An insight into the splendour of our cultural heritage
By JOY JOB
Communication is the life-wire of social existence. Before the advent of various technological devices for disseminating information, African societies use images, signs and symbols as powerful tools for passing information across.
The Department of Fine and Applied Art/music, with Dr Ephraim Ugochukwu, Head of the Department, and Prof. Elom Sunday, Vice- Chancellor, Alex Ekwueme Federal University, Ndufu-Alike, Ebonyi State has showcased many sculptural works in the Fine Art Studio.
The cultural heritage of the people has been passed from one generation to another through various artworks. Beautiful artworks such as Ndi Asiri (the gossipers) designed by Mbawuike Cosmas in medium of wood chippings; rug weaving, designed by Arianzu Ogbona Rex; Okobo (flower) made by Ukwa Job; Tie and Tie Tribal Marks by Chiaka Nnodi; and many others, are so beautiful and splendid to behold.
These art works can also be used to pass powerful information as they have connotative meaning attached to them. The sculptural works are most often figurative and as well, bring huge insight into the African cultures.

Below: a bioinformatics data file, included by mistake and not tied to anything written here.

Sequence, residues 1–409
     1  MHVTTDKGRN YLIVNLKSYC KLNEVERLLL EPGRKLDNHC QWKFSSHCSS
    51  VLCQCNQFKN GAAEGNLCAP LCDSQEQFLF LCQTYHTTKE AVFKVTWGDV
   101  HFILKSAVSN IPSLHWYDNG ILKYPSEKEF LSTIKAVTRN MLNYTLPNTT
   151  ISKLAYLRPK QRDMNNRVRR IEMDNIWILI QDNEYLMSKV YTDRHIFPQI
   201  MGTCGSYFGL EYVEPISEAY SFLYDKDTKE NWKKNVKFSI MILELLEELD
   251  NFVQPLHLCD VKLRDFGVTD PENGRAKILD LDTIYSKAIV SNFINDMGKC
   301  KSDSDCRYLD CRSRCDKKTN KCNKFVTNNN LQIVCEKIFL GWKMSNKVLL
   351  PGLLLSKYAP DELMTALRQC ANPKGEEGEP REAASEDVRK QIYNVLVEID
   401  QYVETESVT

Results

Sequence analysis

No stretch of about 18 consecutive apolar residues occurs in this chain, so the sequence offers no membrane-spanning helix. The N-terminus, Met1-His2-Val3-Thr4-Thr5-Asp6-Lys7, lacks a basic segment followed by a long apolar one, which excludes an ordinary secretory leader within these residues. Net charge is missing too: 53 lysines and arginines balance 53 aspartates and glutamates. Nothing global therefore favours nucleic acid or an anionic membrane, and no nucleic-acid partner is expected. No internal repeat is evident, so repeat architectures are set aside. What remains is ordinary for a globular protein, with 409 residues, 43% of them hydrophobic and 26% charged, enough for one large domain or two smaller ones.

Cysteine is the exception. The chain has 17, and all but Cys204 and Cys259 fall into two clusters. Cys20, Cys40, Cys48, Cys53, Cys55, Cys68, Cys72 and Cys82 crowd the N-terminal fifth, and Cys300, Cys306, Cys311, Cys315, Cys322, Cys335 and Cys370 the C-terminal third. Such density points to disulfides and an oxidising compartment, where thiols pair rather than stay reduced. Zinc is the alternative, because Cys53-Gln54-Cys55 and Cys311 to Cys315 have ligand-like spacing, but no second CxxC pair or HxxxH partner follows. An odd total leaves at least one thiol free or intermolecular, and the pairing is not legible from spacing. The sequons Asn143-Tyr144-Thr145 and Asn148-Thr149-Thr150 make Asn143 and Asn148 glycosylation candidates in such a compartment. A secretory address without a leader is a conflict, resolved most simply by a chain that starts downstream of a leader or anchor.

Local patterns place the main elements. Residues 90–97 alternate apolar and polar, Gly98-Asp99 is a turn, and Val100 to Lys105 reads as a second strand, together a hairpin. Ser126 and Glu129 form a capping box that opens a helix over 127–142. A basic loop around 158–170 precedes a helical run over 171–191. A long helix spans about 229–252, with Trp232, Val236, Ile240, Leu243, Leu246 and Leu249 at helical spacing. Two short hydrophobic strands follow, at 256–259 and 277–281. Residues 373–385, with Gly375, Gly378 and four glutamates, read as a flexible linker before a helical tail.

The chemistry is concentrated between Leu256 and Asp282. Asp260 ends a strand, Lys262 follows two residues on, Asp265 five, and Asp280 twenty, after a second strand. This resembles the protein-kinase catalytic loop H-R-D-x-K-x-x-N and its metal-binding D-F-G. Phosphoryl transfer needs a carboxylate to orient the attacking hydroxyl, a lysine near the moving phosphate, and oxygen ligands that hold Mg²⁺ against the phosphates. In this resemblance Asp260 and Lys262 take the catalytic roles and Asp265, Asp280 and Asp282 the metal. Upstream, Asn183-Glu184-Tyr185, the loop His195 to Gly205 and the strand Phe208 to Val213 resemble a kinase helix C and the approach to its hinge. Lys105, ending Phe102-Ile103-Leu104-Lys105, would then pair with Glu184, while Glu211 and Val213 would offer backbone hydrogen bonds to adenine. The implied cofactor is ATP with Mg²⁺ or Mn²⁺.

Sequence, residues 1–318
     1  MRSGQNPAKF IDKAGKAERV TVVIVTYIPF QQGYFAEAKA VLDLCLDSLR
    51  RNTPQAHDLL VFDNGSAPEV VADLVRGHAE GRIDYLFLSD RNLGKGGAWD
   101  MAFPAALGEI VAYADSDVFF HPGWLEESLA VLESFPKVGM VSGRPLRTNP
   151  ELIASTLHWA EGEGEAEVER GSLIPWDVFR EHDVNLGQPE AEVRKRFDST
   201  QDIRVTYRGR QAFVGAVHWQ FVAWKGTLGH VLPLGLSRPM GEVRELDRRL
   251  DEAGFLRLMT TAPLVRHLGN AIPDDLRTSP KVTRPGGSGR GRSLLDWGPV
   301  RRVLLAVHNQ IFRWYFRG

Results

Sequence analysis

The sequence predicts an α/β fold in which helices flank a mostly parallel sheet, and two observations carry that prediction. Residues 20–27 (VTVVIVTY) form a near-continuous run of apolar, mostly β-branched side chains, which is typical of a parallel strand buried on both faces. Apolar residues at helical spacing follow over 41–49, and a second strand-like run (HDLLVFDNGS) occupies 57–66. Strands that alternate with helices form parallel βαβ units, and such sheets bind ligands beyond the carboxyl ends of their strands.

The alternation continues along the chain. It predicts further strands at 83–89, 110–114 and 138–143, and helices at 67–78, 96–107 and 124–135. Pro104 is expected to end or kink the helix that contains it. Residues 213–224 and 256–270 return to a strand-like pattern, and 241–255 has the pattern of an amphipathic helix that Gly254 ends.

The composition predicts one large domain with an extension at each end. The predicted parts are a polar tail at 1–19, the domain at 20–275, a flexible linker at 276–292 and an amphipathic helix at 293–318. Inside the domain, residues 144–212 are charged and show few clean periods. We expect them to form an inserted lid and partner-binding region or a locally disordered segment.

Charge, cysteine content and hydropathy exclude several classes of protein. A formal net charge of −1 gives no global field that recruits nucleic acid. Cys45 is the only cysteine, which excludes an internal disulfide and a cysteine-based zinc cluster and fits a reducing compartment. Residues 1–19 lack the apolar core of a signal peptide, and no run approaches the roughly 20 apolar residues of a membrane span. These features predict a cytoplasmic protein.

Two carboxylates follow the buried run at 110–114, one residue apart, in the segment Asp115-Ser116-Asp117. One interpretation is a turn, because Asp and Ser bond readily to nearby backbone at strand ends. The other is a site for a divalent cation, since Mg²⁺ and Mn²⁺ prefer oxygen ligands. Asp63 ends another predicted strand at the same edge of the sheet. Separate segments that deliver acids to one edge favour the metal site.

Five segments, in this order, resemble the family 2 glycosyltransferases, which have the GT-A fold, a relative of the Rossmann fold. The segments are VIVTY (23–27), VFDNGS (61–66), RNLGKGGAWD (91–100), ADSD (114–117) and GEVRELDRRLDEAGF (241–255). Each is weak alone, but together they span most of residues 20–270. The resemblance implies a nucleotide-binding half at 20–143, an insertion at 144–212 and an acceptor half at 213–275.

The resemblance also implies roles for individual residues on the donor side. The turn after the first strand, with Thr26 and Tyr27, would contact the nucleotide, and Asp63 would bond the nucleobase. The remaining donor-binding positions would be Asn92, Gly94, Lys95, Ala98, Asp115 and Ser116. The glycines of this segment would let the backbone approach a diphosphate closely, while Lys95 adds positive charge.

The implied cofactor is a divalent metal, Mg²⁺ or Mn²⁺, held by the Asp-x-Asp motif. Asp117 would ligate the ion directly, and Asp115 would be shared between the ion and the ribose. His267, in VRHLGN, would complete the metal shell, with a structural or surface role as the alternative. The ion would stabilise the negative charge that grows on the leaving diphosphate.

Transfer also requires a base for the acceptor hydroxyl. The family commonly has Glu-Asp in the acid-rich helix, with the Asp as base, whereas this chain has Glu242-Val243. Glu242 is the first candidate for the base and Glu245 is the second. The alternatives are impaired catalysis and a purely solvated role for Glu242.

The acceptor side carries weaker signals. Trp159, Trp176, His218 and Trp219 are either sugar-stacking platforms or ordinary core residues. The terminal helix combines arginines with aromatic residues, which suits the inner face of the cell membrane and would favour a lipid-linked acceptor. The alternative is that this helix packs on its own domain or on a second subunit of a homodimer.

A society without a culture can be liken to an engine without oil; little wonder that African arts have been valued and treasured as they bequeath their owners with high socio-economic status.
On the other hand, painting in Africa has been a form of applied art executed on rock walls to assist in storytelling and recording events. Pigment and dyes have also been applied to decorate surfaces on sculpture, pottery, drums or architectural buildings; even bodies and skin – all being powerful tools for passing information across and upholding and preserving our cultural heritage.
The Fine and Applied Arts Department of Alex Ekwueme Federal University, Ndufu-Alike, also known as the ‘Sunshine Department’, has creatively designed sculptures and artistic clothing materials.
The designs which are metaphorical representation of ideas showcase our rich tradition of our African culture and as well constitute primary examples of intellectual and cultural vitality.
Surely, a society without a culture is like an engine without oil. Our African artworks are the core representation of our cultural heritage and origin, and therefore should be treasured and appreciated.